For once, I was right. Mackalla stood casually and stretched; I took the hint and rose to start pacing. It wasn’t hard to act terrified about the Prince returning to claim my life, really, and soon I’d worked myself into a sweat and starting grinding a path into the hard floor. Tahos and James crouched companionably, watching Mackalla join me in my pacing. It took about a minute of power-pacing before I caught a spicy smell in the air; Mackalla and Tahos stifled their expressions of hope. James (I’ve got to stop calling him Critter in my head now) caught on and began rubbing the stump of his arm, almost a nervous reaction.

I felt a familiar nudge push against the back of my skull and managed not to flinch. Before, when Ana had called her Portal, the nudge had been brief and light, then subsided as the Portal visibly grew. However, this time it was the push of perception that grew, almost skewing my sight and wrecking my balance – I stumbled into Mackalla a few times. The scent of spice was gone, and thankfully none of the Evils had noticed it. I slowed my pacing as my eyesight blurred heavily and the pressure on the back of my skull began to actually ache. Mackalla looked up at me with a raised brow but before I could try to keep up my nervous-prisoner ‘act’…

Light exploded nearby, swirling in one insane mass of luminous color. Spice-smell flooded the entire cavern and a delayed clap of thunder deafened everyone, Evils included. Tahos shoved James forward as Mackalla and I lunged for the Portal; James went in just before me, and then – with some sudden fear but no hesitation – I leapt in.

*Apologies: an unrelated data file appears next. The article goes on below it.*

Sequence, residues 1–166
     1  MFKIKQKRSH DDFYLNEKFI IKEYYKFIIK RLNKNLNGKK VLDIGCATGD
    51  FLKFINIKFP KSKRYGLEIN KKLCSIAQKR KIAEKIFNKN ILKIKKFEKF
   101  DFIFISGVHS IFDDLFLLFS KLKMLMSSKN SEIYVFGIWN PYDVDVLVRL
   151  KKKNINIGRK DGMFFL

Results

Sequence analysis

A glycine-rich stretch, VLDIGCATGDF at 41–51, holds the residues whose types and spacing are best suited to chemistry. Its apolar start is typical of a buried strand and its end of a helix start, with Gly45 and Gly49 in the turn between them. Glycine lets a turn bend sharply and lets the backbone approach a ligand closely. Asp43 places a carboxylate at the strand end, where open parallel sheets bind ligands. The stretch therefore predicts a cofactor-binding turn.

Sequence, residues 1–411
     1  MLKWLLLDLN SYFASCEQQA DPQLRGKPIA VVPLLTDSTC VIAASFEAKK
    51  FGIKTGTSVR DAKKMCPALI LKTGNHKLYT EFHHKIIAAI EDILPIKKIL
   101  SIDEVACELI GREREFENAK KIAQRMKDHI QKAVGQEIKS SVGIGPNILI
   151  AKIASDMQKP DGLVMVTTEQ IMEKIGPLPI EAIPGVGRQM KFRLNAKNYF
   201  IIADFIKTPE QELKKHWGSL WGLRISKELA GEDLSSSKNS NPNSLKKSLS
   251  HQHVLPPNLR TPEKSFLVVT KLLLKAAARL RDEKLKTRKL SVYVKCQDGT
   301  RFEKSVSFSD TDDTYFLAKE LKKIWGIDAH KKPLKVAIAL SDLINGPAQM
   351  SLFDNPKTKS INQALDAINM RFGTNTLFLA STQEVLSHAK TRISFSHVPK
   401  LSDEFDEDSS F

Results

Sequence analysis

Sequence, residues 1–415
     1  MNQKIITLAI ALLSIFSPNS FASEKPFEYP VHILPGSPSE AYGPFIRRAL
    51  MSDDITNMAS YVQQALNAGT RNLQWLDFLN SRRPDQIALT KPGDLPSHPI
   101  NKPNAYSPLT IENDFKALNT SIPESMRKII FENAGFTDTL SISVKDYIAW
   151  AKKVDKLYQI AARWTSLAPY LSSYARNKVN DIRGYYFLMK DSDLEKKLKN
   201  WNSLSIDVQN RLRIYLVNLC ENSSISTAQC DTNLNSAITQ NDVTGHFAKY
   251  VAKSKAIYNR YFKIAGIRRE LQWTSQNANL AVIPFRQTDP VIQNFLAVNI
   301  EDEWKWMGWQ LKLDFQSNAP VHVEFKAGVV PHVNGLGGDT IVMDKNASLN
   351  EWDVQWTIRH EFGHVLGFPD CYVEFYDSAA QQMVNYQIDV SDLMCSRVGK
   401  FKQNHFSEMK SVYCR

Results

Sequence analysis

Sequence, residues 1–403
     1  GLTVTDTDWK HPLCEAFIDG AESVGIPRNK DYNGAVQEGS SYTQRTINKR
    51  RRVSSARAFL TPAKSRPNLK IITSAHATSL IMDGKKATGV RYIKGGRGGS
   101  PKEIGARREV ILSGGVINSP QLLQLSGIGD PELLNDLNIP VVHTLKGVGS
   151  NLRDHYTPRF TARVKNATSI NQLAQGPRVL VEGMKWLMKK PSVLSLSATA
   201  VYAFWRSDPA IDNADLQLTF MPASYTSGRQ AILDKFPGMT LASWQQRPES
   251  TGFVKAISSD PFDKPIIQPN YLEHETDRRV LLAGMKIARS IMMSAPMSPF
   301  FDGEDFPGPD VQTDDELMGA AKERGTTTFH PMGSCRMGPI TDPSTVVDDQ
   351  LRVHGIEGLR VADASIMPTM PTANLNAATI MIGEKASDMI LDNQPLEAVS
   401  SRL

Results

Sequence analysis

Traveling through a Portal is like fainting for a split second, or having an out-of-body experience. You’re there, diving into this spiralling whorl of light, you feel the light almost like surreal ocean waves brushing against your legs and torso… and then your stomach plummets to your toes and everything goes blank for a brief moment, where your senses seem to fail and your mind freezes. And then you’re standing shakily on the ‘other side’.

Anyways, I came out on the other side somewhat imbalanced (how was I supposed to know how to properly jump into a Portal?) and crashed into James. We both fell flat as Tahos and then Mackalla soared gracefully out of the now-upright-and-flat Portal, over our heads, and landed lightly. I would have grimaced for my own clumsiness had I not been so overwhelmingly happy to be alive and above-ground. A proud ebony beast managed only one step forwards before I tackled her, throwing my arms around her neck in a tight hug.

Ana had the grace not to flinch, although I’m sure she was slightly unnerved – Mackalla always seemed to be when I hugged him. However, a jubilant howl from the Heifia behind me showed that he wasn’t lacking any enthusiasm for being out in the sunlight again either. I finally let poor Ana go and flopped on my back on the ground, yelping as I landed on my bookbag and rolling off it to sprawl in the cool beadgrass.

Tahos was really the only one who took our rescue with any dignity at all, brushing himself off and merely raising his face to the sun. James just rolled over onto his back, closing his eyes gratefully against the hot sunlight. Ana muffled her grin as Mackalla pranced in the grass (and I do mean pranced) before he made his way over to her and finally settled down.